Movie Resolution: Week #50

December 8: The Cockeyed Miracle


I enjoy Frank Morgan. It’s always strange to see him in roles that aren’t the Wizard, but they’re usually good. They’re all the same role, too, it seems. He’s a bumbling, lovable, old man. Nothing new here. In this film, he plays an old ship designer who has a weakness for investing his family’s savings in real estate ventures that never seem to pay off. Fortunately for him, he is in a deal right now that is going to pay handsomely. Unfortunately, though, he just died. He doesn’t realize it at first, so it takes his dead father coming back from the afterlife for him to understand. He wants to take his son to Heaven, but Frank’s character has a few things to do first. He wants to make sure his daughter is happily engaged to a researcher and his son follows his dreams and moves to England. He also needs to make sure that his business partner remains honest and gives his wife the $5000 check that he is owed from his good business deal. It sounds rather trite and unsubstantial, but it was a rather charming picture. I rather enjoyed it. [My Rating: 7/10]

December 9: The Great Rupert

The DVR guide said this movie was about a squirrel’s secret stash of cash. How could I not tape it? It was way more of a children’s movie than I expected and it wasn’t even a real squirrel and the squirrel wasn’t even the main point, but it was still a cute movie. It was about a family of once famous circus performers who haven’t anything but their clothes. They meet a friend who tips them off about a cheap apartment for rent and they take it on. The mother prays for a miracle because her daughter needs shoes, and then money falls to the ground. She assumes it was divine, but of course it wasn’t. The landlord had been stuffing cash in a hole in a wall because he doesn’t trust the bank. The squirrel lives there and he throws money out for fun. It was weird and doesn’t sound that great, and it wasn’t, but it was an okay movie. The circus family gets rich, of course, and the Internal Revenue Service gets involved and the government tries to ruin everything. It ended well enough. It would be a Christmas movie. [My Rating: 6/10]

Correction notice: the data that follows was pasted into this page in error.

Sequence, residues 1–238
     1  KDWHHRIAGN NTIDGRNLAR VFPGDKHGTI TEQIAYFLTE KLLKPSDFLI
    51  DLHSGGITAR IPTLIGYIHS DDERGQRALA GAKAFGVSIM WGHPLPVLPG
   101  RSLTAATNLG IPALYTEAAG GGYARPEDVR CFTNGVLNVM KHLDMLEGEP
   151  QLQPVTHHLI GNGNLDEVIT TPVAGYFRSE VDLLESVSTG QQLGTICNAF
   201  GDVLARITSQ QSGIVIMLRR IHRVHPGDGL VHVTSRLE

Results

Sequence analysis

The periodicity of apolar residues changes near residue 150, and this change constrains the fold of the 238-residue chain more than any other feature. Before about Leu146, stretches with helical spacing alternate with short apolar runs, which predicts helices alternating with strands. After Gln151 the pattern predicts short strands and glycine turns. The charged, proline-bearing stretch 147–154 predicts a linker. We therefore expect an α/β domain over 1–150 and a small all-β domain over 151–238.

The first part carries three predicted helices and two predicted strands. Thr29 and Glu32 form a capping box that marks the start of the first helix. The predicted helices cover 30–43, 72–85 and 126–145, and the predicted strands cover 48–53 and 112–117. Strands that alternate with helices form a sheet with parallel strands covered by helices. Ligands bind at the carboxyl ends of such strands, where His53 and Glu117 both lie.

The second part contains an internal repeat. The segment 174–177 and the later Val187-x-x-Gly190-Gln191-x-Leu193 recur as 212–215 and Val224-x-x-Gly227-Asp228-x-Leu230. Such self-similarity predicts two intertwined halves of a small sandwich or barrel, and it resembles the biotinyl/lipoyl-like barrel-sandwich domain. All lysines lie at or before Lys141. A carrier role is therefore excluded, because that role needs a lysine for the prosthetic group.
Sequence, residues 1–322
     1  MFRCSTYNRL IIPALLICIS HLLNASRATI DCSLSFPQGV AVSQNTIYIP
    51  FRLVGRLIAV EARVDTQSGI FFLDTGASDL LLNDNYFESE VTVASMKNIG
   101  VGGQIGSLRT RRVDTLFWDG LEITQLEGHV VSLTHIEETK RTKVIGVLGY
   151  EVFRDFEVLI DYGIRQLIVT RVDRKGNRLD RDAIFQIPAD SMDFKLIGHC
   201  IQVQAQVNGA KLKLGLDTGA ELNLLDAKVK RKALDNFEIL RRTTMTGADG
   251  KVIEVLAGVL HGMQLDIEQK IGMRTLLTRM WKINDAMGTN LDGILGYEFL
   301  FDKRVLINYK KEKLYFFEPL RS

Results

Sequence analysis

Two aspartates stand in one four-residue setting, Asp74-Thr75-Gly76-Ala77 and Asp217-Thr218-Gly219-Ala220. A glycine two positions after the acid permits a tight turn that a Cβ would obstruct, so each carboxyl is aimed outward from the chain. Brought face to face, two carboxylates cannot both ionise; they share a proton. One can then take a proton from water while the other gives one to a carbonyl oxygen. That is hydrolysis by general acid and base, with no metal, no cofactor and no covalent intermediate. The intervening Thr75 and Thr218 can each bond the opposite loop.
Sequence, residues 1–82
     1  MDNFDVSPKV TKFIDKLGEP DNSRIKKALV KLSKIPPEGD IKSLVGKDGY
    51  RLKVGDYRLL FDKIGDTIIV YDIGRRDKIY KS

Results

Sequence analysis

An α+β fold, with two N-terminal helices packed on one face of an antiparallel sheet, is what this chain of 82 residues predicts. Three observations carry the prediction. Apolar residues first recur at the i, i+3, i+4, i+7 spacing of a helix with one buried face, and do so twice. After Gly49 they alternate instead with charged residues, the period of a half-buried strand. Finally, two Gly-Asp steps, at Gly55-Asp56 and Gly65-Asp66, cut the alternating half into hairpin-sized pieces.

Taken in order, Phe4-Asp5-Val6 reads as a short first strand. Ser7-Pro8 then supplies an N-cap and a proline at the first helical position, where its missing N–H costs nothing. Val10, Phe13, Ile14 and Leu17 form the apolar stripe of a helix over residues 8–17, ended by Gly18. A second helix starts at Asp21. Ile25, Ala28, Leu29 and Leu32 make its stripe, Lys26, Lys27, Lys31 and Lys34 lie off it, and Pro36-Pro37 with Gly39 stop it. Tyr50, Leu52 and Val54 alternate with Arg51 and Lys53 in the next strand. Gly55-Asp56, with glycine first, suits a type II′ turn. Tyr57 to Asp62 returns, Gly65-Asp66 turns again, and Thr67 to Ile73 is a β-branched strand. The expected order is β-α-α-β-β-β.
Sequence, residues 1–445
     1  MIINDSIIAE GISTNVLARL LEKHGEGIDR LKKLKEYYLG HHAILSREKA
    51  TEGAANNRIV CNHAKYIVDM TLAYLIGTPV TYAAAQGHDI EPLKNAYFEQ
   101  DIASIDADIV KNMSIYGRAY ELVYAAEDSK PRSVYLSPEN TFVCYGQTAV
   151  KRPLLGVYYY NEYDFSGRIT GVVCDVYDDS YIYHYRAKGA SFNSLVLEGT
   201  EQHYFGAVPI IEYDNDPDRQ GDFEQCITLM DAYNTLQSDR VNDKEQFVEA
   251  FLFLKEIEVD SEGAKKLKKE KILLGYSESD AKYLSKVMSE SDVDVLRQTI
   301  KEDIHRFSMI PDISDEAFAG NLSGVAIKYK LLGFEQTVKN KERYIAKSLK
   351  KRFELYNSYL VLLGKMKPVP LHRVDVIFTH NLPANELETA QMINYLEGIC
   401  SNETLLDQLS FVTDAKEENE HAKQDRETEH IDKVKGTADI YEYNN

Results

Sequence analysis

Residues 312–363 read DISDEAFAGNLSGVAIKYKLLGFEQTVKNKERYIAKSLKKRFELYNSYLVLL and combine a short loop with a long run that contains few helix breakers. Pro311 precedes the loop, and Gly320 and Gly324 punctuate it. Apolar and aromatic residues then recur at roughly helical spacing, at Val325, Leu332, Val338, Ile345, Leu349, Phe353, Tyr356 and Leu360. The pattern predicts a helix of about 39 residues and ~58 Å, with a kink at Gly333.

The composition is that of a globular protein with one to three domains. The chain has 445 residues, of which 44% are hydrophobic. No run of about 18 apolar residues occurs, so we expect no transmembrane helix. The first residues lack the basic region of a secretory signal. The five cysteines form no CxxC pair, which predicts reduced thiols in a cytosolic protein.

December 10: Gigi

I’ve always meant to read this book as I enjoy the work of Colette. I revisited her tomb a few months ago. What a lady–do read about her, she had quite an extraordinary life. I’d like an extraordinary life. I need to work on that. This film is about a young girl being trained as a courtesan by her aunts, but she finds it loathsome. She’d rather spend her time with the handsome Gaston, whom she thinks of as an older brother. Before long, they realize that they have more than friendly feelings betwixt them (don’t you just love the word “betwixt?” I do), which is awkward because she is so, so young. There is a vacation on the beach and a social scandal to deal with before we get to the romance, though. Gigi doesn’t want to marry Gaston because she thinks that the life he will provide her will be the one that her family has trained her for. Gaston doesn’t want that at all, but it takes her awhile to realize this before they are happy. They have a scandalous dinner at Maxim’s, which made me wonder why I’ve never eaten there. It looks divine and still has the same design as it had in Belle Époque Paris. Putting that on the to-do list for next time. Additional good things it had going for it were Louis Jourdain and the fact that it was a musical. I adore a musical. Quite fun. [My Rating: 9/10]

December 11: Prince of Persia: Sands of Time

Dreadful, dreadful, dreadful. Whoever thought this was a good idea was probably the same mastermind [sarcasm] behind that latest Disney action flop, John Carter. I never would have watched this one if it weren’t for the fact that we watched it in Social Studies class for the end of our Mesopotamian unit. It was so bad! Why was Jake Gyllenhaal talking like he was an inbred member of the British aristocracy? I couldn’t help laughing. He looked nice without his shirt, and that was the only good thing about it.

It was about a magical dagger and a princess and an idiotic plot about turning time back time to stop a hostile takeover. Yawn. [My Rating: 1/10]

December 12: I Like Your Nerve

[No trailer found.]